What happened to Facebook's AI

If you celebrate fictional anniversaries, last Friday would have been the 20th anniversary of one of the most popular apocalypses in film history. On August 4, 1997, in James Cameron's Terminator films, an artificial intelligence called Skynet developed consciousness. A short time later there is not much left of humanity - everything exploded in nuclear fire.

In line with the macabre day of remembrance, dozens of reports haunted the web in the past week: In the Facebook laboratory for artificial intelligence (AI), two programs developed their own language and used it to talk. The researchers, it continued to be read, then "panicked" "pulled the plug" in order to "kill the AI". Of course, not a single article could do without a photo of the menacingly grinning chrome skeletons from the Terminator films.

The perceived threat level was once again quite high. No wonder, given that Facebook founders Mark Zuckerberg and Elon Musk, Tesla boss and also major sponsor of the AI ​​research institute OpenAI, recently had a public exchange of blows online about the dangers of artificial intelligence. For Zuckerberg, AI is the solution to almost all human problems, Musk considers it to be the greatest problem of all.

However, the Facebook experiment does not actually prove how close we are to the rule of machines in the real world, but rather reveals the still very narrow limits of today's AI research. The starting point of the experiment, which was by no means stopped in a panic, was the question of whether chatbots could be taught to negotiate with people. That would be a pretty practical thing, especially when it comes to outsourcing jobs to machines.

For the experiment, two so-called bots named Bob and Alice were programmed to divide up a collection of virtual objects - hats, balls and books - among each other. That worked quite well at first. Until the programs started talking in strange sentences. "I want the hat" then became "Balls have zero for me for me for me for me for me for me for me for". This was preceded by the bon mot "I can do everything else". Nevertheless, the negotiation ended successfully.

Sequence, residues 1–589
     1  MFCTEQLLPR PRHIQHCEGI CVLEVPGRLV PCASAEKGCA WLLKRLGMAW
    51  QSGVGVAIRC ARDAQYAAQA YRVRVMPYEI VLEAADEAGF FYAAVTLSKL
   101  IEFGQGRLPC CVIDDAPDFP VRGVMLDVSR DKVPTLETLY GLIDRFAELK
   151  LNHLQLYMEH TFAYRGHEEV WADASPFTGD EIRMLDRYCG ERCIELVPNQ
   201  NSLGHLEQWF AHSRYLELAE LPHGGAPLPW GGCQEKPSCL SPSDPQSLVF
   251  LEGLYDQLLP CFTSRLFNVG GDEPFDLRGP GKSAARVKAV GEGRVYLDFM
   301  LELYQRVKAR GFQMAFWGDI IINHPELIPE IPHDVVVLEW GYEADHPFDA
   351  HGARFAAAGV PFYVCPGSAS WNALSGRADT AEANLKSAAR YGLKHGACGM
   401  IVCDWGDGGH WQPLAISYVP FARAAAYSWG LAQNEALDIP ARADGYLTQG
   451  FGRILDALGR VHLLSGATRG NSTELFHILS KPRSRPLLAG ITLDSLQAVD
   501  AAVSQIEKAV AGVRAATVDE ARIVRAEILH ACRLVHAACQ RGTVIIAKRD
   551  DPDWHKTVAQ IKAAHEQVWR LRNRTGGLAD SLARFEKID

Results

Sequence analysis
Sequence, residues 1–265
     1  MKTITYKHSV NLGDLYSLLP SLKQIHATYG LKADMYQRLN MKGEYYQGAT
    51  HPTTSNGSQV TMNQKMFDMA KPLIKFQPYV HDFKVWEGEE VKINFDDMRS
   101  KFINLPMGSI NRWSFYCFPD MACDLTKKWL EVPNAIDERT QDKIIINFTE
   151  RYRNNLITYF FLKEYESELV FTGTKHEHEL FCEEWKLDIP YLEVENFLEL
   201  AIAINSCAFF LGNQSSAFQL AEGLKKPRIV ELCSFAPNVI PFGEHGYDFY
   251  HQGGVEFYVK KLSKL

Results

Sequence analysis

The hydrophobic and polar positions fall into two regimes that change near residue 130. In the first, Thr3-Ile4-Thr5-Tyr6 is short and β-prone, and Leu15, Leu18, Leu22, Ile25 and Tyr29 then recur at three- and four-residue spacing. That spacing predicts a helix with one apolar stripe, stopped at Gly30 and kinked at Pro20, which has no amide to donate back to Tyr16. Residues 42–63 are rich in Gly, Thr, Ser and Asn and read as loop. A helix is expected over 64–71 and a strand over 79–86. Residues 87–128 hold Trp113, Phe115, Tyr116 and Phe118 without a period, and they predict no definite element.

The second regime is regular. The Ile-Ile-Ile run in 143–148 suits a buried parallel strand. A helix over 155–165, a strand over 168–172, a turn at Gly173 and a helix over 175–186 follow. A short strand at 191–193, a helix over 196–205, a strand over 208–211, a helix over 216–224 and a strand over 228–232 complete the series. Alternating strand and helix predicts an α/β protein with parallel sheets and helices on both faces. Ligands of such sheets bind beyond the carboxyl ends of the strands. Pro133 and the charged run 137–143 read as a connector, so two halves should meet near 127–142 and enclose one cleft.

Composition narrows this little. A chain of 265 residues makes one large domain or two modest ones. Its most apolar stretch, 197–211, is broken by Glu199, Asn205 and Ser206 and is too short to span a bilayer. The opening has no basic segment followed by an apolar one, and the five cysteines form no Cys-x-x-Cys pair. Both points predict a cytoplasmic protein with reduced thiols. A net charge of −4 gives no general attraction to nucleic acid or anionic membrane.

The researchers stopped the test run. But not out of fear.

The origin of this "new language" lies in the way the bots were programmed. A method called reinforcement learning was used. To put it simply, the point is that the software always receives a virtual reward when it performs a certain action correctly, in this case negotiating. It is, so to speak, the digital equivalent of dressage.

In the experiment, however, only the positive outcome of the negotiation was rewarded and not its comprehensibility. The gibberish was simply more efficient for the programs. And just like a junkie, they try to maximize the reward effect. The Facebook researchers then stopped the test run. Not because it scared them, but because they thought it had failed.

After all, the task of the bots was not to communicate with one another, but with people. Apocalypse postponed.